This postcard, mailed 110 years ago today — Dec. 29, 1908 — depicts what was then the relatively new Sellwood Building at 202 W. Superior St. in Downtown Duluth. The Sellwood still stands today, with Western Bank as its most visible tenant.
Students enrolled in a Fall 2018 visual journalism course at the University of Minnesota Duluth used ArcGIS software to tell stories about Canal Park using mapping technology. The collaborative project tells 25 stories spanning more than 100 years.
Link: A History of Canal Park
Students curated visual materials and other sources for this project from various places that include the UMD Kathryn A. Martin Library; UMD Archives & Special Collections; the Duluth News Tribune archives; Zenith City Press and other publicly available sources.
Before the Silver Creek Cliff Tunnel was built in the early 1990s, Highway 61 wound around the edge of the cliff. Drivers relied on skill and luck to avoid tumbling boulders or anything that might send them plunging over the edge into Lake Superior. The Gitchi-Gami State Trail was later built following the old Highway 61 path.
Some mystery photos are less mysterious than others. Often cabinet card photos have nothing written on the back, but this particular card comes with info suggesting the subjects are William Frederick Markus and his family. The photo was likely shot 125 years ago, around Christmas of 1893.
Lars Waldner posted this circa 1916 image to Facebook, tagging PDD. It’s kind of a bizarre angle on Duluth, and for some reason identifying buildings in the photo is exceptionally challenging. The only cheater we’re given is the big sign on the side of Rust-Parker Wholesale Grocery Company, which was at 217 S. Lake Ave.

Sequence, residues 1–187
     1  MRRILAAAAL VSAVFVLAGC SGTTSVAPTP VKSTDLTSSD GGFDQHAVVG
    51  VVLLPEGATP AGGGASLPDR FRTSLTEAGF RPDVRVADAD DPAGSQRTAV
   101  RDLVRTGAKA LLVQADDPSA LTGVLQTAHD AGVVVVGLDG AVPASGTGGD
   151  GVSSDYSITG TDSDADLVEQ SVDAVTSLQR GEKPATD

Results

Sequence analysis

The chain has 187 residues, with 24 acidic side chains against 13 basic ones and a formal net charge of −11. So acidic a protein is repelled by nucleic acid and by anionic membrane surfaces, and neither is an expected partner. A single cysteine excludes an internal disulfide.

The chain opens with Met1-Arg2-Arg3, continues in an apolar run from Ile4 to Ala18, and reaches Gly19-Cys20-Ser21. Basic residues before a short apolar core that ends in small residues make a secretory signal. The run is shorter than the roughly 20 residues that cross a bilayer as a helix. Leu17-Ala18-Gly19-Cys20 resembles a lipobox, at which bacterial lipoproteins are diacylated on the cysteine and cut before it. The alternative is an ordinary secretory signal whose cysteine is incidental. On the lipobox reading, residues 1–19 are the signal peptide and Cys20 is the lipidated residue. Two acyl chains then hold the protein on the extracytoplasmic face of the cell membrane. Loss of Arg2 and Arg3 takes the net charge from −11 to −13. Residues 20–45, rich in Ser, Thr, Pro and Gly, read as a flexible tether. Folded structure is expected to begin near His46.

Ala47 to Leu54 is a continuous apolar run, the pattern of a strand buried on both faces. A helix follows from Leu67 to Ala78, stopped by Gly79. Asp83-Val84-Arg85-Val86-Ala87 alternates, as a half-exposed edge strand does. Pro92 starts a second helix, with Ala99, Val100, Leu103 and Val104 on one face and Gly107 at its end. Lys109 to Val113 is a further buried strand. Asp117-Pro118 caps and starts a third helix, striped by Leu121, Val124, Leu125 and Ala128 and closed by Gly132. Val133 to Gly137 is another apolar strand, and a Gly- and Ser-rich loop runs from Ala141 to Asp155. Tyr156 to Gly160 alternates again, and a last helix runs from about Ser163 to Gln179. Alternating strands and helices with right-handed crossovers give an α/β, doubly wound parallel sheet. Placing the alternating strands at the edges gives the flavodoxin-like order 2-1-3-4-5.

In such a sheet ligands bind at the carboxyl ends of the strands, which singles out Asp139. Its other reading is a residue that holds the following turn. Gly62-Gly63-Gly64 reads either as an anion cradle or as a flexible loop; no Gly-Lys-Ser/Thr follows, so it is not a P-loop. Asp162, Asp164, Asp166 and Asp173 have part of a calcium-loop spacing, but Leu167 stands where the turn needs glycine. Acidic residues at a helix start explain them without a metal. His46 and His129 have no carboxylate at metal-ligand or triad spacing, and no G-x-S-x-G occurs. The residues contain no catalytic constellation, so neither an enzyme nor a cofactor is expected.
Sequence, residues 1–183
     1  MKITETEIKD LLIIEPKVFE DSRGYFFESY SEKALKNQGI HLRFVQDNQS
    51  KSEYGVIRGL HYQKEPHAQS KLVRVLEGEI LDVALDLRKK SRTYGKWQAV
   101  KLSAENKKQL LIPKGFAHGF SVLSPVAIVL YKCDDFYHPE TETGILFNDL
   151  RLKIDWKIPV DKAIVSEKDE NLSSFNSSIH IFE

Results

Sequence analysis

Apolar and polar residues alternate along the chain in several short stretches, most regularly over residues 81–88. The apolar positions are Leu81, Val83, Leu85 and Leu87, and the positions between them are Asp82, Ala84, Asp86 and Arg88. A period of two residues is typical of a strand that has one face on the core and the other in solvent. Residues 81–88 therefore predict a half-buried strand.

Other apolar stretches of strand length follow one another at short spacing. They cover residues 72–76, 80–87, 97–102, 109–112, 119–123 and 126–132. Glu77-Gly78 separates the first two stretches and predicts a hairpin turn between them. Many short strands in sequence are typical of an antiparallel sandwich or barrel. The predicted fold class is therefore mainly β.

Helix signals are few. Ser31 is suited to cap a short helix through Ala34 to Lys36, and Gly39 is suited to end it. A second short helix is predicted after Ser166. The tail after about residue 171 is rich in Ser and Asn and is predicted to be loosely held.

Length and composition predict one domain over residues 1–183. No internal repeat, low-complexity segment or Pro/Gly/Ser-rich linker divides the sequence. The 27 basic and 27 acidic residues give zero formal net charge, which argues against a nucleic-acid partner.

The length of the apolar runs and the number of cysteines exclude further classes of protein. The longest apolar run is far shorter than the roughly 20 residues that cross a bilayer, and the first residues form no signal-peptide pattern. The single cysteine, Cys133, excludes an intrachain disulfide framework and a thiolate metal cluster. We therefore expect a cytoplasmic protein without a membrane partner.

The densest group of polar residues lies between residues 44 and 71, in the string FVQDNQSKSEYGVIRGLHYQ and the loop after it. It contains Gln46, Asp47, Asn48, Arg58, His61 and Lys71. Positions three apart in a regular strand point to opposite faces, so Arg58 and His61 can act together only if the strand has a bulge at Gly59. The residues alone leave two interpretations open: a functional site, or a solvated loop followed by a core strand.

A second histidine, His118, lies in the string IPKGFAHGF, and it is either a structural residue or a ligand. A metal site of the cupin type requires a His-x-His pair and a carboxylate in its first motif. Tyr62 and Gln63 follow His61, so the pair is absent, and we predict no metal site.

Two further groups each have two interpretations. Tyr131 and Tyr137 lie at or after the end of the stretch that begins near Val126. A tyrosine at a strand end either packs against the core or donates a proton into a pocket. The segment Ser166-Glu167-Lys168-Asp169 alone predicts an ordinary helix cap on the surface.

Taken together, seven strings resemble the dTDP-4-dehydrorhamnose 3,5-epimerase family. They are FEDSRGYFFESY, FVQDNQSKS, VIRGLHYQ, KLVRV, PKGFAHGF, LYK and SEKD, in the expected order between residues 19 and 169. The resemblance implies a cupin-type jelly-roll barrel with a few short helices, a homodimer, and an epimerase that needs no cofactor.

This undated postcard image of the Tweed Museum of Art appears to be circa the 1970s. The text on the back reads:
The only major art gallery in Northern Minnesota, Tweed Gallery on the University of Minnesota, Duluth campus has attracted more than 300,000 visitors since it opened in 1958. Funds for the gallery were donated by Mrs. Alice Tweed Tuohy, now of Santa Barbara, California and her daughter, Mrs. John Brickson, Duluth. Twenty shows each year feature international, national, faculty and student artists in four separate exhibition areas.
Ten years ago — Dec. 10, 2008 — City Pages profiled Duluth surfer Greg Isaacson.
In 1975, he found himself paddling out onto Lake Superior with a few local fishermen looking at him like he was insane. Isaacson went out in the middle of a storm. He wore the top half of a diving suit, which gave his arms all the flexibility and natural movement of the Michelin Man. This jerry-rigged outfit, combined with the glacial temperatures of the water, allowed him just 20 minutes of water time.
But the first wave he caught was magic.
This cabinet card photo is from the Piper & Johnson studio at 227 E. Superior St., Duluth. Today that location is where Greysolon Plaza, the former Hotel Duluth, sits. Since cabinet cards were popular at the end of the 19th Century, the Piper & Johnson studio must have been in a building that predates the Hotel Duluth, which opened in 1925.